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The Plays of William Shakespeare: Accurately Printed from the Text of the ...
No hay ninguna vista previa disponible - 2016
The Plays of William Shakspeare: Accurately Printed from the Text of the ...
No hay ninguna vista previa disponible - 2013
The Plays of William Shakspeare: Accurately Printed from the Text ..., Volumen 1
William Shakespeare,George Steevens
No hay ninguna vista previa disponible - 2019
arms art thou Aumerle Baling Bard Bardolph blood Bolingbroke brother captain Constable of France cousin crown dead death dost doth duke duke of Hereford earl Eastcheap England English Enter King Exeunt Exit eyes fair Falstaff Farewell father fear France French friends Gaunt give grace grief hand Harfleur Harry Harry Percy hath head hear heart heaven honour horse Host John of Gaunt Kate Kath King HENRY king Richard king's knave Lady Lancaster liege live look lord majesty master never night noble Northumberland pardon peace Percy Pist Pistol Poins pray prince Prince JOHN prince of Wales Queen Rich SCENE Scroop Shal Shallow sir John sir John Falstaff soldiers sorrow soul speak sweet sword tell thee thine thou art thou hast tongue uncle unto villain Westmoreland wilt word York
Página 30 - This land of such dear souls, this dear dear land, Dear for her reputation through the world, Is now leas'd out (I die pronouncing it,) Like to a tenement, or pelting farm : England, bound in with the triumphant sea, Whose rocky shore beats back the envious siege Of watery Neptune, is now bound in with shame, With inky blots, and rotten parchment bonds...
Página 436 - This story shall the good man teach his son; And Crispin Crispian shall ne'er go by, From this day to the ending of the world, But we in it shall be remembered ; We few, we happy few, we band of brothers ; For he to-day that sheds his blood with me Shall be my brother ; be he ne'er so vile, This day shall gentle his condition : And gentlemen in England now a-bed Shall think themselves accursed they were not here, And hold their manhoods cheap whiles any speaks That fought with us upon Saint Crispin's...
Página 281 - With deaf'ning clamours in the slippery clouds, That, with the hurly, death itself awakes ? Canst thou, O partial sleep! give thy repose To the wet sea-boy in an hour so rude; And, in the calmest and most stillest night, With all appliances and means to boot, Deny it to a king ? Then, happy low, lie down ! Uneasy lies the head that wears a crown.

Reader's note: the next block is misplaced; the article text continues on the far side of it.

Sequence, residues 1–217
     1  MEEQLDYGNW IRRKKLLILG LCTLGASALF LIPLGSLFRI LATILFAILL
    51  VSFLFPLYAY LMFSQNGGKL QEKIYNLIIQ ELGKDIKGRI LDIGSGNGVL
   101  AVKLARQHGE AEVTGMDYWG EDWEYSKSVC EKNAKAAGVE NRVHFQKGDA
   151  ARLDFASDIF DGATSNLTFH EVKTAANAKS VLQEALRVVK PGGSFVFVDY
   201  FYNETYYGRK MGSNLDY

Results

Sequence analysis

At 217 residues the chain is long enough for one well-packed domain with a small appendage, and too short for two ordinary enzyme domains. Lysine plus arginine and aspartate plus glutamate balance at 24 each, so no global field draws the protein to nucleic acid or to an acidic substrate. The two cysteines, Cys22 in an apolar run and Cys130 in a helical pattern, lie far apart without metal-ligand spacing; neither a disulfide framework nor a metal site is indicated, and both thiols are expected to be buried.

Página 352 - O, for a muse of fire, that would ascend The brightest heaven of invention ! A kingdom for a stage, princes to act, And monarchs to behold the swelling scene ! Then should the warlike Harry, like himself, Assume the port of Mars ; and, at his heels, Leash'd in like hounds, should famine, sword, and fire, Crouch for employment.
Página 124 - Came there a certain lord, neat, trimly dress'd, Fresh as a bridegroom ; and his chin, new reap'd, Show'd like a stubble-land at harvest-home ; He was perfumed like a milliner ; And 'twixt his finger and his thumb he held A pouncet-box, which ever and anon He gave his nose, and...
Página 208 - tis no matter ; honour pricks me on. Yea, but how if honour prick me off when I come on ? how then ? Can honour set to a leg ? No. Or an arm ? No. Or take away the grief of a wound ? No. Honour hath no skill in surgery, then ? No. What is honour ? A word. What is in that word, honour ? What is that honour ? Air 4. A trim reckoning! — Who hath it? He that died o
Página 281 - With deaf ning clamours in the slippery clouds, That, with the hurly, death itself awakes ? — Canst thou, O partial Sleep, give thy repose To the wet sea-boy in an hour so rude ; And, in the calmest and most stillest night, With all appliances and means to boot, Deny it to a king?
Página 59 - No matter where ; of comfort no man speak: Let's talk of graves, of worms, and epitaphs ; Make dust our paper, and with rainy eyes Write sorrow on the bosom of the earth. Let's choose executors, and talk of wills...
Página 122 - I know you all, and will a while uphold The unyok'd humour of your idleness : Yet herein will I imitate the sun; Who doth permit the base contagious clouds To smother up his beauty from the world, That, when he please again to be himself, Being wanted, he may be more wonder'd at, By breaking through the foul and ugly mists Of vapours, that did seem to strangle him.